ONC Needs to Address HTI-1’s Burdens on Healthcare Providers, Health IT Developers

By David Bucciferro, Chair, EHR Association

While the EHR Association has long supported the goals of ONC’s proposed rule to advance interoperability, improve transparency, and support further access, exchange, and use of EHI, we have several serious concerns about the impact HTI-1 (ONC’s Health Data, Technology, and Interoperability: Certification Program Updates, Algorithm Transparency, and Information Sharing Proposed Rule) will have on the industry if finalized as proposed. 

Among the most significant are the insufficient implementation timeframes associated with various concepts included in HTI-1 and a failure to accurately consider the significant burden compliance would place on both provider organizations and health IT developers. Vendors need more time than proposed in HTI-1 to accommodate the substantial lift required to deliver safe, compliant, and high-quality versions of their certified products – 18-24 months is the commonly accepted necessary timeframe – while providers need sufficient time to implement, test and become proficient on that upgraded software. 

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Good Information Sharing Practices Released

By Leigh Burchell (Altera Digital Health), Vice Chair, EHRA Information Blocking Compliance Task Force

The EHR Association is committed to preventing information blocking and supporting efforts to share electronic health information to better patient care. As such, our Information Blocking Compliance Task Force collaborated over the past two years with stakeholders across the industry to address regulatory questions and further information exchange.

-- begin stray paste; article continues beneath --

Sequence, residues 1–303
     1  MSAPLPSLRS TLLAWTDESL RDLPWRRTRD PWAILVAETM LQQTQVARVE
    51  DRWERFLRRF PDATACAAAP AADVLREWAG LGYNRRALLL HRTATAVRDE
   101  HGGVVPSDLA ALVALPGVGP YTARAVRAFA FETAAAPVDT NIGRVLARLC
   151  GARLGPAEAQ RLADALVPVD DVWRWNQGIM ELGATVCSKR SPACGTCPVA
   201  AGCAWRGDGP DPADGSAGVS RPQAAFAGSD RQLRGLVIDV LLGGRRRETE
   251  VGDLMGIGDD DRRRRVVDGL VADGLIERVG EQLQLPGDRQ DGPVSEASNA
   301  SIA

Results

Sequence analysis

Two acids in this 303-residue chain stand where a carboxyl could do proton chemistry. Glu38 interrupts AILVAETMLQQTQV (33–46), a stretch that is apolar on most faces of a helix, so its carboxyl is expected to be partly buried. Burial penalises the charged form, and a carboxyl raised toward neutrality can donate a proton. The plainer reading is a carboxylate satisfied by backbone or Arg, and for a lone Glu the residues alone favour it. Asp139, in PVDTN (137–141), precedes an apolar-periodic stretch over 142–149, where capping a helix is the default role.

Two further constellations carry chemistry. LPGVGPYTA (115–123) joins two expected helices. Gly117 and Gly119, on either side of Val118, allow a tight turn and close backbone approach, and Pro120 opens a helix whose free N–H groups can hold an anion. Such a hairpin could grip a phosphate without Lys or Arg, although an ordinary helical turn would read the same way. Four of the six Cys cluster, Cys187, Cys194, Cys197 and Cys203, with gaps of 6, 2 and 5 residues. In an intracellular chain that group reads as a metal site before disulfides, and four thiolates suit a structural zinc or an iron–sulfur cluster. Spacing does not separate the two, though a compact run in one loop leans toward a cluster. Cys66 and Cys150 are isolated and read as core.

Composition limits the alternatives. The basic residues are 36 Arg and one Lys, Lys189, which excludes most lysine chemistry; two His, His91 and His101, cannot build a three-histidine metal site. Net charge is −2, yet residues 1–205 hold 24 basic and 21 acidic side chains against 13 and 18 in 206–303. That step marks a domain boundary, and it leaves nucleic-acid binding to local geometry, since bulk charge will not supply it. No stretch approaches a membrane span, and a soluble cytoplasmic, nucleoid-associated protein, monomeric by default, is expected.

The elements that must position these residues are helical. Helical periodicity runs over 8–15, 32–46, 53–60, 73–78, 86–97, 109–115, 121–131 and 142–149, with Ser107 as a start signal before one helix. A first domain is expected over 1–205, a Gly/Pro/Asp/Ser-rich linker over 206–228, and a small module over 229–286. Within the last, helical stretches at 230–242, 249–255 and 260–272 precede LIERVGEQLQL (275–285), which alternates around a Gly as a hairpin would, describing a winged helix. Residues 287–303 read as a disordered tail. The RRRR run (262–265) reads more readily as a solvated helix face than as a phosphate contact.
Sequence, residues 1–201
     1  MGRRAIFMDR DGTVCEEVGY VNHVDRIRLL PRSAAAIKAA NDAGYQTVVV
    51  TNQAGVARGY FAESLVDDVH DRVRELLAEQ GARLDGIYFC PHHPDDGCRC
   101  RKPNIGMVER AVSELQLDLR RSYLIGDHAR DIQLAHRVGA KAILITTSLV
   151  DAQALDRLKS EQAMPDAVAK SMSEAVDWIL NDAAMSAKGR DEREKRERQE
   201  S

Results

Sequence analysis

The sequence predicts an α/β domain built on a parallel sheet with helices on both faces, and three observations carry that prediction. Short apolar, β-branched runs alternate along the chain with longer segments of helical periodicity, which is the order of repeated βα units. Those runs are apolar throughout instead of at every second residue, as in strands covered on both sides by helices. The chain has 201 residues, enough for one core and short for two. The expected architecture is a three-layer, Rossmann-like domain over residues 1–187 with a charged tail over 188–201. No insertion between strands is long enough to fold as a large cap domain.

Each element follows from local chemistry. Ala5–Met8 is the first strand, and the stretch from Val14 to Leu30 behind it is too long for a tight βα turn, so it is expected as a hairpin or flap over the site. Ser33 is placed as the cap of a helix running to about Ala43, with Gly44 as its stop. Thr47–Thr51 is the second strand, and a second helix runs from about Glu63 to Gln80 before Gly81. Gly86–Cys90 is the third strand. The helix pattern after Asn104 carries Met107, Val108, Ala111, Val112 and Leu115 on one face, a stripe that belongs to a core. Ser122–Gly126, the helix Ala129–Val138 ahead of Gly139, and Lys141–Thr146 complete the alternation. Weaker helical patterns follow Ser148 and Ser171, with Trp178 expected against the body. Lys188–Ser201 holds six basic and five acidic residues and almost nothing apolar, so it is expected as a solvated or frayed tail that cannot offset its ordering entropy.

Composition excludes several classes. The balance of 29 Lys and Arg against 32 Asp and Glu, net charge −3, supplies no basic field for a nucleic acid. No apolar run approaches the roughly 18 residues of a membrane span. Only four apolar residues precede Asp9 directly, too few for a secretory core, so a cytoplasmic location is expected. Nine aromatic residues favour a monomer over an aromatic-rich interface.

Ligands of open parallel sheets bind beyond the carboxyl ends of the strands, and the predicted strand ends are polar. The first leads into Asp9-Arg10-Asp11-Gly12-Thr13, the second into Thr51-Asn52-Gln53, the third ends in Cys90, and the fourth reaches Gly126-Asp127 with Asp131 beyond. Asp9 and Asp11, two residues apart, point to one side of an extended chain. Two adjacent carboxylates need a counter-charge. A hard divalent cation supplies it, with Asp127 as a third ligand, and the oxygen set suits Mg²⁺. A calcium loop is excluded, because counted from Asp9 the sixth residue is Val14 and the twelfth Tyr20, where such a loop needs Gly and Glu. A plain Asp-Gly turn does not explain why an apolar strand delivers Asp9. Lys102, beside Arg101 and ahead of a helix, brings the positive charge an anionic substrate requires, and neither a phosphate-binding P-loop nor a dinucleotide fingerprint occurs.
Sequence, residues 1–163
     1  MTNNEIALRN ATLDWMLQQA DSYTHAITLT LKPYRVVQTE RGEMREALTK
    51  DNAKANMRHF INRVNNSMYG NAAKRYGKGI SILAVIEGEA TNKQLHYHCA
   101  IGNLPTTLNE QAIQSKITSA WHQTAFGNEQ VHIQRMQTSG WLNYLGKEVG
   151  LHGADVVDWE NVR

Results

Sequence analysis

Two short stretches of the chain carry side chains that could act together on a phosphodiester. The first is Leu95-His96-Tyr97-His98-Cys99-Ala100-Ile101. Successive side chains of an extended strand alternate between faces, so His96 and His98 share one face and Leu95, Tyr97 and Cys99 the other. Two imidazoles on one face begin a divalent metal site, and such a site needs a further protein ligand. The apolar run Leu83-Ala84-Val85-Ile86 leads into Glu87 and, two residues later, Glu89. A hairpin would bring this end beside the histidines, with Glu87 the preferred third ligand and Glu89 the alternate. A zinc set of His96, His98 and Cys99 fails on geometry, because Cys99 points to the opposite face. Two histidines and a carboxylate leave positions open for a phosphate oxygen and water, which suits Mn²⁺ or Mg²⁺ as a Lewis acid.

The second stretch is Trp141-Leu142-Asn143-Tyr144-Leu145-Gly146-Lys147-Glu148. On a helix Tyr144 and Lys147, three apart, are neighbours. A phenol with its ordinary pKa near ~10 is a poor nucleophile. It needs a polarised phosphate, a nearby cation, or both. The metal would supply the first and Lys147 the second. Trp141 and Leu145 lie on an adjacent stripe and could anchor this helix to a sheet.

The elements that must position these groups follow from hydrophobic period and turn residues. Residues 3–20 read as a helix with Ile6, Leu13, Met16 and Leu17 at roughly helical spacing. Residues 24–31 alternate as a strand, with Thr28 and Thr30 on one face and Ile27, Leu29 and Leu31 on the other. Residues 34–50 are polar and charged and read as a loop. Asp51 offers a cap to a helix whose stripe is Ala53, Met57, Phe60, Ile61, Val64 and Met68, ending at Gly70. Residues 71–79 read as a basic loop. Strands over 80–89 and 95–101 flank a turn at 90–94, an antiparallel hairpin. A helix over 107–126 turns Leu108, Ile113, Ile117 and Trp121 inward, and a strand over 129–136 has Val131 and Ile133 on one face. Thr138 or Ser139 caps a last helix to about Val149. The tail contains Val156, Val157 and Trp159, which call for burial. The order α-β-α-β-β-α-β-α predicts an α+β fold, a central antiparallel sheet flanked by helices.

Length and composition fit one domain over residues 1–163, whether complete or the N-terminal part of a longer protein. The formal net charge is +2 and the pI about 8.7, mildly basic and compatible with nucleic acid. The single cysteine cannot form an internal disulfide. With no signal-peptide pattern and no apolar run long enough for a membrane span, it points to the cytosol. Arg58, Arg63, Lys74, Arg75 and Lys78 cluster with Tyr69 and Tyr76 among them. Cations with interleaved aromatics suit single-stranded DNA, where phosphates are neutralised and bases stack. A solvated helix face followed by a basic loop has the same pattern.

Our collaboration has produced “Good Information Sharing Practices,” a collection of best practices for health IT developers. The Practices are a practical list of proactive actions health IT developers can undertake to demonstrate their strong support for access, use, and exchange of health information and compliance with information blocking regulations. These include detailed recommendations on:

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Next Steps Towards ePA

By EHRA Chair David Bucciferro (Foothold Technology)

Health information technology (IT) holds great promise for contributing to efforts to streamline and improve the efficiency of the highly complex prior authorization process, and the EHR Association is confident that electronic health record (EHR) systems have a vital role to play in doing so. However, the adoption of electronic prior authorization (ePA) is not without its challenges – challenges that will require time, significant cross-stakeholder coordination, and standardization of access to and exchange of related data to overcome.

As we laid out in the previous three blogs in this series, the EHR Association supports streamlining the ePA process, provided the effort is appropriately supported by accepted standards and care is taken to avoid past mistakes of rolling out policy requirements faster than standards have been developed to support the work. 

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Barriers to the Creation of the Ideal Clinician Note

By Rakhal M. Reddy, MD MSHI ACHIP FACHE, EHR Association Liaison & Chair of the HIMSS Physician Committee

This is the fifth in a blog series highlighting the discussions from the 2022 EHRA & HIMSS Physician Committee Summit: Meaningful and Streamlined Documentation.